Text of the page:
By: Angie Nkuna
GIYANI: A -61-year-old granny of Bambeni Village in Giyani, pleaded on several occasions to get her Identity Document (ID) fixed but it was a dismal failure as her pleads fell on deaf ears. According to gogo Misola Ngoveni’s South African ID, she gave birth to her first born at the age of 8.
Misola’s ID errors were (apparently by the department of Home Affairs) made in 1995 when she applied for it for the first time. She was born in 1957 but her ID book erroneously shows she was born in 1967.
Giyani View learnt that Misola is the youngest sibling to her brothers who were born after her according to our witnesses.
Muhlupheki Daniel Ngoveni (58) and Xidumi Samson Ngoveni (54) are Misola’s younger siblings. But because of the shocking error made the two are now her elder brothers.
“I was born in 1960, after she (Misola) was born. She is my elder sister and the fact that she had her first child in 1975 proves that she can’t be born in 1967.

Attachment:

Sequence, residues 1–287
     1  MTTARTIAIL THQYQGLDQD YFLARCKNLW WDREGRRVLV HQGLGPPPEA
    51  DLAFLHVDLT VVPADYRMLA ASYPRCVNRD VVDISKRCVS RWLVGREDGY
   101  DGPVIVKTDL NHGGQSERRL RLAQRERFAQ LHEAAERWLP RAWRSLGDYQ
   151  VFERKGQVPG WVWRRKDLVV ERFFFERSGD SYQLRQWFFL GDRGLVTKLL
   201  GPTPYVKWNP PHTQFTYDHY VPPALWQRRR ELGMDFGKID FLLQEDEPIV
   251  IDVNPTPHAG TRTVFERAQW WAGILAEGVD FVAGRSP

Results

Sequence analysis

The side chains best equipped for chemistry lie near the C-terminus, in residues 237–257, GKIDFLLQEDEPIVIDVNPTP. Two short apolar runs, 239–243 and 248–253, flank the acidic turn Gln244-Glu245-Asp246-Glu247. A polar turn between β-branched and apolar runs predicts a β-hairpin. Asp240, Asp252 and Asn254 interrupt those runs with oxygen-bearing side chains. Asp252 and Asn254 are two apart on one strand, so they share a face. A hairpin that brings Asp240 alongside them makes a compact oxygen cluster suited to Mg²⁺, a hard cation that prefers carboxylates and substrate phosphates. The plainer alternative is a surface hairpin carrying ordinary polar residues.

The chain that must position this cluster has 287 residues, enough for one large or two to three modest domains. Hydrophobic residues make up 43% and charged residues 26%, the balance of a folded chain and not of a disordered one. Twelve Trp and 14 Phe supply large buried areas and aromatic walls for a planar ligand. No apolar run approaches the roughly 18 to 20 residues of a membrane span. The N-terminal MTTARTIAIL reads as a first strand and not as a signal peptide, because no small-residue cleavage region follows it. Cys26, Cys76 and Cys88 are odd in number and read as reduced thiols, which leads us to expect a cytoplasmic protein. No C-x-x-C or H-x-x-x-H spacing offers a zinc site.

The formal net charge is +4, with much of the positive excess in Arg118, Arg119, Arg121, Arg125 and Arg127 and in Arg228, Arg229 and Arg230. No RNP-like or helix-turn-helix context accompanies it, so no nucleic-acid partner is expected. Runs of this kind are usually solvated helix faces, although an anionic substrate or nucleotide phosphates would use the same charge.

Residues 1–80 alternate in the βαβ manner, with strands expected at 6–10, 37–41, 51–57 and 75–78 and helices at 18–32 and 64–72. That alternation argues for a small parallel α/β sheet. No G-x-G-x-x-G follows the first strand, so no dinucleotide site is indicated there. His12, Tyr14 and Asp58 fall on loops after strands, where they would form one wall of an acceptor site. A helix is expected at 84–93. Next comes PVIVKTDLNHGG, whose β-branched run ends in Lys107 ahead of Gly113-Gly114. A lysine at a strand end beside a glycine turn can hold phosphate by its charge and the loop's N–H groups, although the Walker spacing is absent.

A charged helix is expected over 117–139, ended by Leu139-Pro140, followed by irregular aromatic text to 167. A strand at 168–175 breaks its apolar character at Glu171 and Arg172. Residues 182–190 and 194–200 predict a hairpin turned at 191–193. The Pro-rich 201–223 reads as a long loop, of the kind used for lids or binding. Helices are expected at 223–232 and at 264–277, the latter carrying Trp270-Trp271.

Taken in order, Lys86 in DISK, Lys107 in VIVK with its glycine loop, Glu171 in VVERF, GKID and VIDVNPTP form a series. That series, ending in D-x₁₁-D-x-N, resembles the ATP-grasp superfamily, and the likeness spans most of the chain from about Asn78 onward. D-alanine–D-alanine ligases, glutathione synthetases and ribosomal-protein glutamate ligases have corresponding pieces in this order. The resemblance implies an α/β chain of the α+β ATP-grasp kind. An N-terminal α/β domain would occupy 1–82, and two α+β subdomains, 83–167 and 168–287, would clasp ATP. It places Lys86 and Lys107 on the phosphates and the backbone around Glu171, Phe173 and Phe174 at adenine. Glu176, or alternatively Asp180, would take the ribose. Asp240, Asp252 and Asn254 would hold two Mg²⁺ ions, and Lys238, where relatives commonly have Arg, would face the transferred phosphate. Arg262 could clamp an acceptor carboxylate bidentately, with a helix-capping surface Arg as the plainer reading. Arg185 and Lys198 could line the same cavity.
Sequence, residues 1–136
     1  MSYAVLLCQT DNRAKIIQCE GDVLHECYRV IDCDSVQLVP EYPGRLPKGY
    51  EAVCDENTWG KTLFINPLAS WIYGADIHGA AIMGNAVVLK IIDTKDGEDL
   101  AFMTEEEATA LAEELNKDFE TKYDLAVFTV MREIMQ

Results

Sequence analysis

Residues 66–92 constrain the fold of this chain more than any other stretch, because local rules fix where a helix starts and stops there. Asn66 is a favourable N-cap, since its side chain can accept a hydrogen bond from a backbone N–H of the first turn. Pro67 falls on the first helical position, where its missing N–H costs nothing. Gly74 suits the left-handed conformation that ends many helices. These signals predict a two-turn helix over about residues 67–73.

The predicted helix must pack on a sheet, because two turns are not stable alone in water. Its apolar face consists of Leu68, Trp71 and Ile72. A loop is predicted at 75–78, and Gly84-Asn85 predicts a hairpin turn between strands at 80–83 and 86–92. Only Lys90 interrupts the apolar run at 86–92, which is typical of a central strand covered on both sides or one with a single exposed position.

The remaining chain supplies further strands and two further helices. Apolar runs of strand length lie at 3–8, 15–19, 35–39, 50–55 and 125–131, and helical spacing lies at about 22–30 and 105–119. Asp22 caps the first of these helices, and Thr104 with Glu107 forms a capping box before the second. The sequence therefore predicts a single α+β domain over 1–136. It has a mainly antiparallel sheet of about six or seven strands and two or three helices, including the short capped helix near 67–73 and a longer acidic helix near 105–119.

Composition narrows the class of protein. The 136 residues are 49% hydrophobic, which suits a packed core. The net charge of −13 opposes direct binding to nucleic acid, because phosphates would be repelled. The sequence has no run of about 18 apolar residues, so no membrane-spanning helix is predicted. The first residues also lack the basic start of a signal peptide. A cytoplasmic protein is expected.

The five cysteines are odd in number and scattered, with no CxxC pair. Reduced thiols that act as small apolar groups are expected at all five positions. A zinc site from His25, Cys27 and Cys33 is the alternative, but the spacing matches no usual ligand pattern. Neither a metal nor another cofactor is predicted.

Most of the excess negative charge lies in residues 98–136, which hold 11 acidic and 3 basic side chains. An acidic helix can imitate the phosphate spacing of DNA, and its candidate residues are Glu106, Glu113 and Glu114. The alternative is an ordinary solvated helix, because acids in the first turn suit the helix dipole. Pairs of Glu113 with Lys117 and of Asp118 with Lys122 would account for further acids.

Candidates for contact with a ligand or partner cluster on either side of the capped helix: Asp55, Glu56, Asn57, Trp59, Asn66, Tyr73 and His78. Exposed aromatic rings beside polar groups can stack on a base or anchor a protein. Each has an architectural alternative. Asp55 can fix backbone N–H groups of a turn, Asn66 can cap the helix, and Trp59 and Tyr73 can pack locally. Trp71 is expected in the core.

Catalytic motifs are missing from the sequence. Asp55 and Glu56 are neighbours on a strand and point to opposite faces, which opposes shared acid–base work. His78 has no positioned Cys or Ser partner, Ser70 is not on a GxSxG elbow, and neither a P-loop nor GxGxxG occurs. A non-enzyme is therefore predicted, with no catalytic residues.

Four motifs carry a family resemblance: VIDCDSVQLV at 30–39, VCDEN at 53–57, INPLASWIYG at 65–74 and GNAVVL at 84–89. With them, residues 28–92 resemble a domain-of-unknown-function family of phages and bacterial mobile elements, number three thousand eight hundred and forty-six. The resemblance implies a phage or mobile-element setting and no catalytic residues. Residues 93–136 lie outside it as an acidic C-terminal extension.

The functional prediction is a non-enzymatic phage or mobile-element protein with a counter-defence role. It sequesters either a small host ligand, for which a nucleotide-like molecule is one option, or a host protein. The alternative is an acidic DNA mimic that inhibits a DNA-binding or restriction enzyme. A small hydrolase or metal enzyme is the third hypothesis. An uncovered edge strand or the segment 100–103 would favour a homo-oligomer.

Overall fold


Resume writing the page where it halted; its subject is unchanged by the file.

“She tried countless times to have her ID book fixed. If you don’t have an educated child who can speak for you to the relevant stakeholders, your call will remain unanswered,” claims Muhlupheki.
Misola got married to her late husband, Mickson Mabunda in 1972 and they were blessed with 8 children and two of them have passed on.
Eric Mabunda, (47) who is her first-born child told Giyani view that he had learned about his mother’s ID errors last year. He said they tried to report the matter to the Department of Home Affairs where Misola was allegedly instructed to produce her birth certificate.
“I was disappointed that even the parents of those officials had no certificate my mother was told to produce. There is no one who was born in those years in these rural areas who still has his or her birth certificate.”
Mabunda furiously suggested a comparison on his ID book with his mother’s should be made to establish if the age difference was adding up. “Or do DNA test if necessary,” he fumed.
“I have tried everything and still I can’t get help and it’s the reason now I humble request Giyani View readers to help me get my ID book fixed because I’m not a foreigner in this country; It’s my country of birth,” concluded Misola.
Our efforts to get a comment from the Department of Home Affairs were fruitless.
Please, if you could help Kokwani Misola, contact us on 081 097 4701 or email us to firstname.lastname@example.org